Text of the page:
Amidst repercussions from the Russia-Ukraine war, lingering supply chain disruptions, and tightening global financial conditions, Egypt is experiencing a spike in inflation and has suffered abrupt large-scale portfolio outflows; adding pressures to the country’s already stretched public finances and external accounts.
While key indicators (including banks’ net foreign assets position) were pointing to mounting pressures on external accounts over the previous two years (since FY2020/21), foreign exchange buffers declined sharply since March 2022, with the overlapping global shocks. In response, the Central Bank of Egypt (CBE) has undertaken exchange rate and monetary policy adjustments by allowing the exchange rate to depreciate and by raising key policy rates, in order to contain the widening external imbalances. In tandem, the government announced social mitigation packages. The authorities’ efforts to restore macroeconomic stability and push ahead with structural reforms is supported by the 46-month International Monetary Fund (IMF) program, along with other multilateral and bilateral financing and investments.
In the near-term, economic activity and real incomes are expected to be adversely impacted by the overlapping global crises. While key sectors are continuing to thrive, especially gas extractives (benefitting from the higher global prices), as well as the communications, agriculture, and construction sectors, other activities are performing below-potential, including manufacturing. Thus, following the strong rebound of 6.6 percent in FY2021/22, growth is expected to slow down to 4.5 percent in FY2022/23, before starting to inch up thereafter. The poverty rate (last recorded at 29.7 percent during October 2019-March 2020) may increase, due to the impact of inflation on real incomes.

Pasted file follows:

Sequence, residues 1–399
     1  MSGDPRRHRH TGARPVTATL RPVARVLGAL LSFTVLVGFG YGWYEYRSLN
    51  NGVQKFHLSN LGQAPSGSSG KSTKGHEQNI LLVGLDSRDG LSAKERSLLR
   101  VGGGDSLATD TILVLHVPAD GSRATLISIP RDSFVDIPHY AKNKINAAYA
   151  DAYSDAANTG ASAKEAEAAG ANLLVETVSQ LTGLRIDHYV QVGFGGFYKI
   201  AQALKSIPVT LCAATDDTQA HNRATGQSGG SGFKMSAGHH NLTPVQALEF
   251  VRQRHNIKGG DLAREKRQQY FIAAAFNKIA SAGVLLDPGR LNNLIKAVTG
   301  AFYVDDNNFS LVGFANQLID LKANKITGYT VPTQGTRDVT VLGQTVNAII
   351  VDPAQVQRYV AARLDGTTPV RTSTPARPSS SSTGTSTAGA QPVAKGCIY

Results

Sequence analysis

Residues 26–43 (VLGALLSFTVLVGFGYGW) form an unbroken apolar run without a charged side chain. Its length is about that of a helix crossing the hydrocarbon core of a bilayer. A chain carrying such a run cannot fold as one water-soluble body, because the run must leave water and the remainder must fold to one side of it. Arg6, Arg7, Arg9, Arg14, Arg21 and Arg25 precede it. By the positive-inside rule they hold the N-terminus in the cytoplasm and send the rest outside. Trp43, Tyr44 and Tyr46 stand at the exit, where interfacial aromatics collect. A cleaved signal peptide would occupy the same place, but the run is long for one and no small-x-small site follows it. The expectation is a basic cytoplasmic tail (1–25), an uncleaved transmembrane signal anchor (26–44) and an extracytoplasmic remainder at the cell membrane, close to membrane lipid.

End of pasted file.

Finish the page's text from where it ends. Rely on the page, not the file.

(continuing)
Among the key reforms to drive long-term growth in Egypt is the need to improve learning outcomes; thus, the associated reforms of the education sector are analyzed in a ‘Special Focus’. Despite substantial increases in nominal terms in recent years, the budgeted figures for the education sector remain at 2.0 percent of GDP for FY2022/23; lower than the level in FY2021/22. Thus, creating the fiscal space (through improved revenue mobilization and streamlining of expenditures) is crucial for allocating resources to priority sectors (such as education).
The analysis in this Special Focus draws on a detailed analysis in the World Bank report “Egypt Public Expenditure Review for Human Development Sectors” and addresses education as an indispensable prerequisite for better-equipped human capital, higher potential output, more productive labor market entrants, and more rapid poverty reduction.
- Egypt Economic Monitor, December 2022: Strengthening Resilience through Fiscal and Education Sectors Reforms (Full Report in a PDF Format)